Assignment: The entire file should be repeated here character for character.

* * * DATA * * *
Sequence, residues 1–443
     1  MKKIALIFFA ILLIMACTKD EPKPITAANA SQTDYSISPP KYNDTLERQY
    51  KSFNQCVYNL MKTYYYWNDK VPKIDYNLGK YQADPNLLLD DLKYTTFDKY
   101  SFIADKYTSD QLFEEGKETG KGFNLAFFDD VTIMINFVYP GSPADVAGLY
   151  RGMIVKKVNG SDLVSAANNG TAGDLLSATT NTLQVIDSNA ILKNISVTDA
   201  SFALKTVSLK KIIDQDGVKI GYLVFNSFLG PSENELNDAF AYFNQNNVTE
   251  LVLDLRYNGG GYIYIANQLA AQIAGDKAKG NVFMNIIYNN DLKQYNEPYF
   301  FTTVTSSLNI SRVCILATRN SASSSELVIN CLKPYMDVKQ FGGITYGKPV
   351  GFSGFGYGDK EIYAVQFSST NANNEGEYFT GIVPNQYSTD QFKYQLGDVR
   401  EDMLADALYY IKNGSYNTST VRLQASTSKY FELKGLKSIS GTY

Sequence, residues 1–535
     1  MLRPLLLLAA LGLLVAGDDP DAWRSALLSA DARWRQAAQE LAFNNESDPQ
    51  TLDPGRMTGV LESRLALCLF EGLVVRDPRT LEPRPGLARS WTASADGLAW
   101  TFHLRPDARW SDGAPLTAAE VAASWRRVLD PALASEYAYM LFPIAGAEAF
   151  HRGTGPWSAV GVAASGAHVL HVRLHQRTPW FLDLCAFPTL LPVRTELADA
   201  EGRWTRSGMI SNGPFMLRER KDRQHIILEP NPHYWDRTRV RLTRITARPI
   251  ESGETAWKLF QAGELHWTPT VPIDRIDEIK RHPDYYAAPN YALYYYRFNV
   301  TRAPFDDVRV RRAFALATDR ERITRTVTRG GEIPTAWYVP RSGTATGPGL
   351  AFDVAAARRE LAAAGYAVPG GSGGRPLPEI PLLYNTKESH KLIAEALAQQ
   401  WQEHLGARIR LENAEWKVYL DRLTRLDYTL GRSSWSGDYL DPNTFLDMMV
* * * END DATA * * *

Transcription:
Sequence, residues 1–443
     1  MKKIALIFFA ILLIMACTKD EPKPITAANA SQTDYSISPP KYNDTLERQY
    51  KSFNQCVYNL MKTYYYWNDK VPKIDYNLGK YQADPNLLLD DLKYTTFDKY
   101  SFIADKYTSD QLFEEGKETG KGFNLAFFDD VTIMINFVYP GSPADVAGLY
   151  RGMIVKKVNG SDLVSAANNG TAGDLLSATT NTLQVIDSNA ILKNISVTDA
   201  SFALKTVSLK KIIDQDGVKI GYLVFNSFLG PSENELNDAF AYFNQNNVTE
   251  LVLDLRYNGG GYIYIANQLA AQIAGDKAKG NVFMNIIYNN DLKQYNEPYF
   301  FTTVTSSLNI SRVCILATRN SASSSELVIN CLKPYMDVKQ FGGITYGKPV
   351  GFSGFGYGDK EIYAVQFSST NANNEGEYFT GIVPNQYSTD QFKYQLGDVR
   401  EDMLADALYY IKNGSYNTST VRLQASTSKY FELKGLKSIS GTY

Sequence, residues 1–535
     1  MLRPLLLLAA LGLLVAGDDP DAWRSALLSA DARWRQAAQE LAFNNESDPQ
    51  TLDPGRMTGV LESRLALCLF EGLVVRDPRT LEPRPGLARS WTASADGLAW
   101  TFHLRPDARW SDGAPLTAAE VAASWRRVLD PALASEYAYM LFPIAGAEAF
   151  HRGTGPWSAV GVAASGAHVL HVRLHQRTPW FLDLCAFPTL LPVRTELADA
   201  EGRWTRSGMI SNGPFMLRER KDRQHIILEP NPHYWDRTRV RLTRITARPI
   251  ESGETAWKLF QAGELHWTPT VPIDRIDEIK RHPDYYAAPN YALYYYRFNV
   301  TRAPFDDVRV RRAFALATDR ERITRTVTRG GEIPTAWYVP RSGTATGPGL
   351  AFDVAAARRE LAAAGYAVPG GSGGRPLPEI PLLYNTKESH KLIAEALAQQ
   401  WQEHLGARIR LENAEWKVYL DRLTRLDYTL GRSSWSGDYL DPNTFLDMMV